Mercer isn't exactly known as a football factory. After suspending football in 1941, Mercer didn't even have a scholarship program until the university started it back up in 2010. Before Poe, Mercer had produced just one NFL player since the 1930s, and that was former Broncos tight end Wesley Duke, who was a college basketball player. But Poe is well on his way to making the jump from Mercer to a 53-man NFL roster, and he's doing so by holding his own against one of the NFL's most talented defensive lines.

"There's still a long way to go," Williams said. "It's just the first training camp. There's so much he hasn't seen yet. But he is definitely ahead of the curve, definitely playing a lot better than anybody could imagine being where he came from and the type of football he played last year. For him to be blocking Javon Kinlaw and guys like that, coming from Mercer -- and I don't know his university or whatever it is, but coming from Mercer -- I'm pretty sure he didn't see too many guys who looked like 99 (Kinlaw) or 91 (Arik Armstead). So the fact he even comes out here and he's able to put his best foot forward every day and continue to get better, I think that says a lot about him."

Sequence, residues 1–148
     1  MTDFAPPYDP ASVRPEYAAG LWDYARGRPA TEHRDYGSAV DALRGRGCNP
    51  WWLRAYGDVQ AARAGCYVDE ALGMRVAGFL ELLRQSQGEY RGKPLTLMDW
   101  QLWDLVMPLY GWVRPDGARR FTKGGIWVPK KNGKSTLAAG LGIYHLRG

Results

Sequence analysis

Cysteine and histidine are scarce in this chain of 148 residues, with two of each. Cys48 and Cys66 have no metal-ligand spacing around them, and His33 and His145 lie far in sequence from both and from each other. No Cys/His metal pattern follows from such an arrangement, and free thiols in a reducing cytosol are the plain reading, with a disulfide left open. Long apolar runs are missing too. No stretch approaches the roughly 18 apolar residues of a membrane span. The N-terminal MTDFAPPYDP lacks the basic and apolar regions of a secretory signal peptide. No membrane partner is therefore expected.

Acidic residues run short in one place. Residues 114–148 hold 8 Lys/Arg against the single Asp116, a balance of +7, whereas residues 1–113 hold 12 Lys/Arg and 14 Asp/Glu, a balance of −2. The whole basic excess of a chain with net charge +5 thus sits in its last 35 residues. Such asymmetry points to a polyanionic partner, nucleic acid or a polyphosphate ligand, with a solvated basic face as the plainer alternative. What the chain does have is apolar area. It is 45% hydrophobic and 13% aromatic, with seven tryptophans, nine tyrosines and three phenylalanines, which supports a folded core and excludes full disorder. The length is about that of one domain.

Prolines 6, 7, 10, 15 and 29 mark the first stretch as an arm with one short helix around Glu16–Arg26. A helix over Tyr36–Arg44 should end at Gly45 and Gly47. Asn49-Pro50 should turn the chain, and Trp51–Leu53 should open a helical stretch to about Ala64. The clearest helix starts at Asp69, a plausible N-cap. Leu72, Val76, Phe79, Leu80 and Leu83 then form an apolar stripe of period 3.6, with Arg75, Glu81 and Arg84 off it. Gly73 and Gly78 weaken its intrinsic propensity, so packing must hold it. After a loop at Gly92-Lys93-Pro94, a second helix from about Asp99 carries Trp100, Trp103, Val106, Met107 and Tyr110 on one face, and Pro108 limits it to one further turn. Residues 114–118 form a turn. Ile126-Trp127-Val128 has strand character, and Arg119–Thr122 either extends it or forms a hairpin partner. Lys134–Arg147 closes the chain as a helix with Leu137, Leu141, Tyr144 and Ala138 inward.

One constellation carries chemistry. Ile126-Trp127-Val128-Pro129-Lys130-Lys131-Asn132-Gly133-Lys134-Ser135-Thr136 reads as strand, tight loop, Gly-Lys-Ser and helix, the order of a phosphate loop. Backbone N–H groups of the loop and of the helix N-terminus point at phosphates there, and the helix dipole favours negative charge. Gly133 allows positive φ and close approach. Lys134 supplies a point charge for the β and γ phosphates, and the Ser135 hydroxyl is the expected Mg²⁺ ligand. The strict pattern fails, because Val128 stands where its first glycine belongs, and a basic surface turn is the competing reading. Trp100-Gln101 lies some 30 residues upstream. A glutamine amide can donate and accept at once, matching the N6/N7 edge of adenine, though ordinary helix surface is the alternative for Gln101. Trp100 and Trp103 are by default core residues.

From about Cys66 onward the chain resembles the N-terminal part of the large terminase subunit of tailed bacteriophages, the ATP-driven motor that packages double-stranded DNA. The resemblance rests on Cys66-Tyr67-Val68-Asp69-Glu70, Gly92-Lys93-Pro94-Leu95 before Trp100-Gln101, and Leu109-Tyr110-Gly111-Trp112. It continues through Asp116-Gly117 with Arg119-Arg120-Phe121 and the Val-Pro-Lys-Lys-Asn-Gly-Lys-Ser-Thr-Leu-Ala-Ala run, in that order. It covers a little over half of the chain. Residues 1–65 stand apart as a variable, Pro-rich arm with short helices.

Poe has wisely been taking the chance to learn whatever he can from Williams since joining the 49ers in the spring. Is he a "baby" version of Williams? Maybe in some respects, even if he's never going to be mistaken for the 6-5, 320-pound Williams in terms of size.

"I definitely see it in his athleticism, his strength," Williams said. "I've seen it this offseason. I've seen his work ethic. He has what they call that dog in him -- that stuff you can't teach. I think if he continues to stay on the track he's on, I think he's going to be a good player in this league for a long time and a good player for this franchise."

Discovering and developing players like Poe is a big reason why the 49ers have been able to create one of the league's deepest and most talented rosters. Williams first saw that depth after being traded to the 49ers from Washington in 2020 when he noticed then-undrafted rookie Azeez Al-Shaair at practice, and he's been seeing more of it each year ever since.